Cali Looks to Ban Bullet Button, All Detachable Magazines
For some time, firearms deemed “assault weapons” (basically any magazine-fed, semi-automatic rifle) by the state of California have been required...
For some time, firearms deemed “assault weapons” (basically any magazine-fed, semi-automatic rifle) by the state of California have been required to have bullet-buttons installed on their firearms. It’s basically a lock that prevents the quick changing of a magazine by requiring a tool, or the tip of a bullet, to depress a button, allowing for the removal of the mag from the receiver. The state has required these firearms to be registered as “assault weapons” since 2001.
Two bills introduced by Assembly members Marc Levine (D-Marin County) and David Chiu (D-San Francisco) would close what the lawmakers are calling the “bullet button loophole” by banning the devices, according to this story from guns.com.
Doing this would effectively render any semi-automatic rifle with a detachable magazine illegal in California.
From the story: The framers of the proposals claim that magazines that are non-detachable prevent the rapid reloading that can increase death tolls in mass shootings.
“Killing machines have no place on our streets and gun violence must not be tolerated,” said Levine in the story. “This legislation assures that gun manufacturers cannot work around the intent of California’s ban on military-style assault weapons. We raise our children in communities, not war zones.”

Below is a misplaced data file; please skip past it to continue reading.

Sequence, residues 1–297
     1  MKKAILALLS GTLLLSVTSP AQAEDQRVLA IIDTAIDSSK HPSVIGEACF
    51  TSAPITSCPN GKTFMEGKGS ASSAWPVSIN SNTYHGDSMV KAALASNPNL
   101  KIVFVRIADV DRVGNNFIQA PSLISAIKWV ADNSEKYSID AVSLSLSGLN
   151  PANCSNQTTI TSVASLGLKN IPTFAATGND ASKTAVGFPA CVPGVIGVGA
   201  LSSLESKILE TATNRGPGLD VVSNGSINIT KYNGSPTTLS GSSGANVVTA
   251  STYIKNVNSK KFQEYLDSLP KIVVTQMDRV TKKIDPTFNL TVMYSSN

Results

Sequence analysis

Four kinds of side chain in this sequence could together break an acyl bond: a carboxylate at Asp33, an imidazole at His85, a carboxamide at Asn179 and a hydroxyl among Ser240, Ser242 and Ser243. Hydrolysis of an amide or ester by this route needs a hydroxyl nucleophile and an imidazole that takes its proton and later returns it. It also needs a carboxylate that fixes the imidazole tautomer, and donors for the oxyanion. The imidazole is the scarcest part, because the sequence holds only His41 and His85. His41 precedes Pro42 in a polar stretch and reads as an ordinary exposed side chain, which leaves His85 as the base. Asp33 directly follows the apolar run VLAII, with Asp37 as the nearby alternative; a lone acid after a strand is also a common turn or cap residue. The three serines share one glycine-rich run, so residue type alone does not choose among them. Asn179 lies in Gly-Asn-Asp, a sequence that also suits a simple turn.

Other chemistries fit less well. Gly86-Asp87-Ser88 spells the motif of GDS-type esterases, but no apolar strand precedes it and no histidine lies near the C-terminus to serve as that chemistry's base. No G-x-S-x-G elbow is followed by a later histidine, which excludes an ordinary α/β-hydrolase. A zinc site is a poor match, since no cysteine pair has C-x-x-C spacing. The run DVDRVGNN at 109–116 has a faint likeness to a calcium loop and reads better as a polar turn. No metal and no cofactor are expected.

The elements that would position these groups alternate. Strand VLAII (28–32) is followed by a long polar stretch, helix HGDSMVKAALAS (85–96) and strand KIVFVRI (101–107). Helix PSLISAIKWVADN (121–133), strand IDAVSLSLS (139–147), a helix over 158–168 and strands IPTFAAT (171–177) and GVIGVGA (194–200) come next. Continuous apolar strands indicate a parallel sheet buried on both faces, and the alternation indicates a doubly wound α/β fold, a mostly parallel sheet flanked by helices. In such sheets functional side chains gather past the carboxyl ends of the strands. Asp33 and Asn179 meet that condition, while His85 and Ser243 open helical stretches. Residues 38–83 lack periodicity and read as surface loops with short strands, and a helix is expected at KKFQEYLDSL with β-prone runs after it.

Levine’s bill, AB 1664, along with Chiu’s companion bill, AB 1663, would classify a semi-automatic centerfire rifle that does not have a fixed magazine with the capacity to accept no more than 10 rounds as an “assault weapon” under state law, the story says.
Owners of firearms with a bullet button would have until 2018 to register their guns. Gun owners after that date who have the device on an unregistered rifle would be open to felony charges and up to a year in prison.
“Detachable magazines cost lives, and it is more important to save lives during future mass shootings than to be able to reload assault weapons in the blink of an eye,” said Chiu.